Forests

Revitalising sacred groves

A festival recreates sacred groves from different parts of the country in Bhopal to spread awareness about their role in conserving biodiversity

 
By Chandra Prakash Kala
Last Updated: Wednesday 08 July 2015

A festival recreates sacred groves from different parts of the country in Bhopal to spread awareness about their role in conserving biodiversity

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Sacred groves have been live manifestations of historical, cultural and emotional attachment of human beings with forests. They unify rural communities religiously, culturally and socially. In due course, degradation and depletion of forests and forest resources have occurred due to several reasons—both natural and anthropogenic.

Attempts are being made to revitalise and restore the philosophy of sacred groves. One such effort was the sacred grove festival organised at the Indira Gandhi Rashtriya Manav Sangrahalaya (IGRMS) in Bhopal on February 7 and 8. Community groups from Maharashtra, Manipur, Rajasthan, Chhattisgarh and West Bengal actively participated in the festival.

Participants performed rituals unique to their community at the sacred grove demonstration sites developed by IGRMS at its sprawling campus. There were replicas of sacred groves of different states such as Maharashtra, Manipur, Rajasthan, Chhattisgarh, Kerala, Tamil Nadu and West Bengal. The major objective of these exhibitions was to display the culture, religion and belief systems of various communities. 

“We worship Indra, the rain god, during the scorching summer. It brings timely rains and a lot of happiness,” says Sumanti Bhagat of Shailla village of Jaspur district in Chhattisgarh. “Annaprabhu, the food god, is worshipped in December and Mahadev in April. Each village has at least one saran (sacred grove),” says Shiv Kumar Ram of Bada Galanda village of Chhattisgarh. The village deity is believed to reside in the sarna. Village residents say these rituals remain unchanged over the years. “It is a heritage site in our village, gifted to us by our ancestors. There is no change in any ritual related to sarna,” says Bhagchand, resident of Shailla village. 

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Sacred groves are called “orans” in Rajasthan. The state’s Bishnoi community is well-known for their strong beliefs in saving animals and plants. “We have several sacred groves but rampant mining for stones has created a lot of problems. On some occasions, we are rendered helpless while trying to save our ancestral orans,” says Nanak Ram Gujar of Haripura village in Alwar district. “We had the practice of offering a goat to the deity after a devotee’s desire had been fulfilled. The goat was sacrificed as part of the ritual. But now this practice has changed. The goat is set free after performing the ritual,” recollects Nanak Ram. “Such goats are buried in the oran in a complete ceremony once they die naturally,” he adds.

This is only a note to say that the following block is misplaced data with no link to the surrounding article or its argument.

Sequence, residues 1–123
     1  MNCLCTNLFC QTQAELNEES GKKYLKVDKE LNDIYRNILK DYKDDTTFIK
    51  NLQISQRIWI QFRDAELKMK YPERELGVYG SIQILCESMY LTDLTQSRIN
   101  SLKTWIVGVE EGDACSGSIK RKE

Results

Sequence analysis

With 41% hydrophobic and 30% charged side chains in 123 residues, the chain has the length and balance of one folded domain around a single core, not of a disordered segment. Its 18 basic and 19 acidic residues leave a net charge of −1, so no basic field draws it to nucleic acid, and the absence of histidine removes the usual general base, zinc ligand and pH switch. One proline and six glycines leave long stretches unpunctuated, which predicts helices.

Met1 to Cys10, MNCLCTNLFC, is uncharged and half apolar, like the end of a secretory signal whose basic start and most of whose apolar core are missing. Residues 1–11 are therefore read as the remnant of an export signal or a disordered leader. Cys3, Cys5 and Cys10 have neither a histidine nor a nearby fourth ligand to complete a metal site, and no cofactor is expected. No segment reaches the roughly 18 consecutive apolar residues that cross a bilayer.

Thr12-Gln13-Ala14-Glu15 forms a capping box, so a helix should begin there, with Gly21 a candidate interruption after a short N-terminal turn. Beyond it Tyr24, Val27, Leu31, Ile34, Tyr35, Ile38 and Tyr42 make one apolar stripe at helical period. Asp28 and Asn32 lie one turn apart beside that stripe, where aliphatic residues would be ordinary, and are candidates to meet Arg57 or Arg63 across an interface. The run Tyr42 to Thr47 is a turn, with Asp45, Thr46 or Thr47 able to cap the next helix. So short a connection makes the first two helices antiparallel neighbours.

According to the unwritten Constitution of the community, no one can destroy or cut trees in these sacred groves. Collection of dried wood is also not allowed. “Sacred groves not only unify communities but also create a forum for festivals, dialogues and other social events,” says Aman Singh of Krishi Avam Paristhitiki Vikas Sansthan, a non-profit based in Alwar district of Rajasthan. There are over 50,000 sacred groves in India, mostly in the Western Ghats and central and northeast India. 

While Acts and policies have several advantages, they have created conflicts between people and management authorities. There are reports on the degradation of sacred groves. Reasons for this include a change in people's attitude towards them. The newer generations don’t believe in the methods their ancestors followed to maintain the fragile ecosystem and biodiversity. Development works, deforestation and encroachment are other possible causes of degradation of sacred groves. 

“Celebration of this sacred grove festival at IGRMS is an attempt to create a platform for dialogues among communities from different corners of the country involved in fighting for the same cause,” says Kailash Malhotra, professor and anthropologist who has written several papers and books on sacred groves. “A travelling exhibition has been initiated for protection of sacred groves across the country. It helps in disseminating the significance of sacred groves at a time when the world is looking for suitable models for biodiversity conservation,” says Malhotra. 

Chandra Prakash Kala is a faculty member at the Ecosystem and Environment Management Division of the Indian Institute of Forest Management, Bhopal

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